Facebook provides a great start. And there is a lot we can do to help.

Let’s start with the content creation process. It is well known that social media content gets stale, fast. And, as previously noted, EdgeRank conspires against dated content by increasingly limiting the distribution of content as it ages. To complicate matters, operators of local business come to work every morning ready to sell shoes, make pizza or fix cars. They don’t come to work thinking about social media, or any other kind of media for that fact. Engage121 allows corporate teams to create content that can be localized to each local store or office, providing a continual flow of new, fresh and relevant content.

What about Facebook apps? How many local stores care to manage the development of Facebook apps? Engage121 enables a corporate team to create contests, coupons and more that each local store can customize, if desired, or post to their fan page as is – engaging their local fans with technology and sophistication equal to any of the big national brands.

And, Facebook ads are lost on most of the local stores we know. They are turned off by Facebook’s complicated interface and intimidating process. Inside Engage121, however, local stores follow a simple wizard that produces a variety of paid promotions that play an increasingly important role in today’s social media world.

My bottom line – Facebook’s Parent/Child provides targeted companies a great start. And, we can help make Parent/Child even more usable for nationally-branded companies that maintain local stores or outlets.

 

How do I participate in a Twitter Chat?

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Let me show you! I will be moderating a Twitter Chat on Thursday, 1.9.12, as a Q&A about the 52nd Annual IFA conference. Deb Evans, CEO Computer Explorers, will be our guest to answer any and all questions you may have regarding IFA. Deb has been involved with franchising for the last 16 years and has attended more IFA conventions/seminars than she can count!

Some of the questions you may have could be:
Will there by WiFi?
What should I wear?
What is the Taste of Franchising?

Please tweet any questions that you have regarding IFA or the IFA Tweetup. We will start at 11am EST and take the first 10 minutes to introduce ourselves and get settled in. An example of an introductory tweet is “@jennimacdonald Director of Community & Client Engagement 4 @Engage121. I have been in franchising for the last 3 years. #IFAtwtup”

We will wrap up the Twitter Chat at 11:55 am EST to leave a few minutes to say goodbye and thank Deb for sharing her experience and knowledge with us.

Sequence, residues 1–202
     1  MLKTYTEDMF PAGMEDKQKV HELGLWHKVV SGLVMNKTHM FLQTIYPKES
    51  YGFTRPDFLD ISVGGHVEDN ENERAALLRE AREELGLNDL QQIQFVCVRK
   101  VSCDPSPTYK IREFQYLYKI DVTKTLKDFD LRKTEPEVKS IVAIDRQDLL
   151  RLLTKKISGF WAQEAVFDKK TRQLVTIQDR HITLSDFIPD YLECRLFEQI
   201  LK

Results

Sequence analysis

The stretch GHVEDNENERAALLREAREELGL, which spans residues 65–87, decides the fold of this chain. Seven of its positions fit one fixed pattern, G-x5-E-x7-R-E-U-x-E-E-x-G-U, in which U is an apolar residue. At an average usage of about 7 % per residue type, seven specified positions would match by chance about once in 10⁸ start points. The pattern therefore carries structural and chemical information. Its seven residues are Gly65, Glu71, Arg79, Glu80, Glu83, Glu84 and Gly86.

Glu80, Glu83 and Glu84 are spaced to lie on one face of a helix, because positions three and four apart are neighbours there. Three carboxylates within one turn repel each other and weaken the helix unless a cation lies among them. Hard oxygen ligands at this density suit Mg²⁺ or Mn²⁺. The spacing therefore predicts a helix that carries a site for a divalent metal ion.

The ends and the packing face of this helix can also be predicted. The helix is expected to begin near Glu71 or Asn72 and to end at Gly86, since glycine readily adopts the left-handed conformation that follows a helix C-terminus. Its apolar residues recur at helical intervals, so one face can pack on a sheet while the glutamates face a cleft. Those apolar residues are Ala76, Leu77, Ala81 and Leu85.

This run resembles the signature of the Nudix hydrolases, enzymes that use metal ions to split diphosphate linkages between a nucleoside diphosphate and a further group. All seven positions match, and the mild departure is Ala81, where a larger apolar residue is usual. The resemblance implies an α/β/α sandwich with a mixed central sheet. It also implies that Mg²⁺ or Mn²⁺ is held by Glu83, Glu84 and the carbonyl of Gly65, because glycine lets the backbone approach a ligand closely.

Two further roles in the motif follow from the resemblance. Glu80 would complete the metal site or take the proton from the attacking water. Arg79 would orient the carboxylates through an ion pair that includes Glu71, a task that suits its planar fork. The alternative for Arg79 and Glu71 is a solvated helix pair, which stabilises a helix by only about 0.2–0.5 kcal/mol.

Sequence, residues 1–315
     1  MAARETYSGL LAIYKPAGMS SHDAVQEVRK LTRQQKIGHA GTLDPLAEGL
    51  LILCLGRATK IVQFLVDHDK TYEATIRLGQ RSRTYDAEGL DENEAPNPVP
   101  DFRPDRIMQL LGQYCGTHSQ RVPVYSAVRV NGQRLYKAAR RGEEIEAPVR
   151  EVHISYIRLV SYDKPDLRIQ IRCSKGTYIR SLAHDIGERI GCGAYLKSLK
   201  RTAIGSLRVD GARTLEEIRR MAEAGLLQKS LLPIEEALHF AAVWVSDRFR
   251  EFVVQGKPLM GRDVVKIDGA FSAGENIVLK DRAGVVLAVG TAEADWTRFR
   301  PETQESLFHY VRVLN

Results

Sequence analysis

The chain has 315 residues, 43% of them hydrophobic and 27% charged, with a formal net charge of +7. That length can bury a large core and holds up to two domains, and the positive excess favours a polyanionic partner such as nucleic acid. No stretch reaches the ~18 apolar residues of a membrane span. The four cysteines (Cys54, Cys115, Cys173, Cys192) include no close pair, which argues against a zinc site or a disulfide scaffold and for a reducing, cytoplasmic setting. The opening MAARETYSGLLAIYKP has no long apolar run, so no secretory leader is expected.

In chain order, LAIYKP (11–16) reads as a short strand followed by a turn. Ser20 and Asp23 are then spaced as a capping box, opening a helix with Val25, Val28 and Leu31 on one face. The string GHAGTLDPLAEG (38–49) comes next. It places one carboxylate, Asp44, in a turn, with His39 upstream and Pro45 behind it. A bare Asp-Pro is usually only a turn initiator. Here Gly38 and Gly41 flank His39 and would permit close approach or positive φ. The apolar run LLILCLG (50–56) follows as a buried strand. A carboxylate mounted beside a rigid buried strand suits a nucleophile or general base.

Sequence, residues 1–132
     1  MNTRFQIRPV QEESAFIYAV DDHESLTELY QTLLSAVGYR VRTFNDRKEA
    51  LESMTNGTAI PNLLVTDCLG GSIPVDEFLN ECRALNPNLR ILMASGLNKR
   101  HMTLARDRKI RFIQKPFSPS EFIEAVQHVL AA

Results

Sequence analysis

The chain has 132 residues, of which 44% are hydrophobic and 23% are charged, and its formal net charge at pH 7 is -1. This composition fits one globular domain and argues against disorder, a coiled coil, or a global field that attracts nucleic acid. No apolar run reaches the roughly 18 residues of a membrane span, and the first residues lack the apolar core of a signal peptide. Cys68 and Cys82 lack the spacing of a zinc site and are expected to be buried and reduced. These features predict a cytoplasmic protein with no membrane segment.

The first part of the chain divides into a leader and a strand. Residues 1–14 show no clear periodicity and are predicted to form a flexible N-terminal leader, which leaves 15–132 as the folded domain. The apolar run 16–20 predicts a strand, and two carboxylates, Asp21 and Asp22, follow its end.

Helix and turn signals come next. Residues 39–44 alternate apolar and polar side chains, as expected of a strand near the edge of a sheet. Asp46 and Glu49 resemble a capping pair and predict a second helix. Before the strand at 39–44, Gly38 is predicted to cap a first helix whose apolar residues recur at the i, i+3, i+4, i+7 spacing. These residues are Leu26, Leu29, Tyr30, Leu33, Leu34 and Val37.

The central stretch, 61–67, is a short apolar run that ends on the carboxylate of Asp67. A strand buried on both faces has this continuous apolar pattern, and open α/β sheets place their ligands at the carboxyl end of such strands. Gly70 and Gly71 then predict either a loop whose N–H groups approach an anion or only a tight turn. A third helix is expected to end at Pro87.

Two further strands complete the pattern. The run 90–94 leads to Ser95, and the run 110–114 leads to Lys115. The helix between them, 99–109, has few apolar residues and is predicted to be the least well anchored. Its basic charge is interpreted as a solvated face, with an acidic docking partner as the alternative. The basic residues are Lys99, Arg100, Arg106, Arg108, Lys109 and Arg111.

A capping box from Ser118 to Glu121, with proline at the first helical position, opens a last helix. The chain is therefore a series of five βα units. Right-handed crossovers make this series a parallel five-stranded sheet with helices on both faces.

Please tweet any questions that you have. Once I see your tweet I will format the question as you see below. This is to make sure everyone sees the question and everyone sees Deb’s answer.

@jennimacdonald Q1. What should I wear while I am at IFA? #IFAtwtup
@debevans A1. Dress pants, a nice shirt and COMFY shoes. #IFAtwtup

DO NOT forget to include the hashtag, #IFAtwtup, in ALL of your tweets. This is the only way that your tweets will show up in the Twitter Chat stream.

Let’s get tweeting!

 

Franchise Social Media Summit

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I am thrilled to be speaking at Franchise Social Media Summit 2011.  As part of Social Media Week 2011, organizers Paul Segreto and Jeremy LaDuque have put together a one-day virtual conference for franchisors, franchisees, and any one involved in franchising.

Date: September 21, 2011
Time: 8am – 4pm (CT)
Place: Online and everywhere!

Here’s what you will learn at the summit:

> Why social media is different for franchising than other business models

> How to develop a social media program, including policies and procedures, specific to the franchise organization

> How to integrate new technology with traditional marketing and why you shouldn’t be afraid to do so

> Why today’s consumer and franchise candidates act differently than from years past

> How to create multiple benefits to the franchise organization through powerful brand awareness methods

> How to generate genuine interest in franchise opportunities and why a seamless transition from virtual world to in-person is essential to closing franchise sales

> Why improving communications and information sharing at all levels of the franchise organization is necessary for stability and future growth


Summit Speakers:

Keynote: Lon Safko, author of The Social Media Bible

Jon Carlston, Vice President, Process Peak

Joe Caruso, President, Capital Area Franchise Association

BJ Emerson, VP Technology, Tasti D-Lite

Jack Monson, Vice President, Engage121, Inc.

David Murray, Social Web Communications Director, re:group

Lee Plave, Partner, Plave Koch PLC

Nick Powills, CEO, No Limit Media Consulting

Debra Vilchis, COO, Fishman Public Relations

Paul Segreto, President & CEO, franchisEssentials

Jeremy LaDuque, President & CEO, Elements, Inc.

Register Here!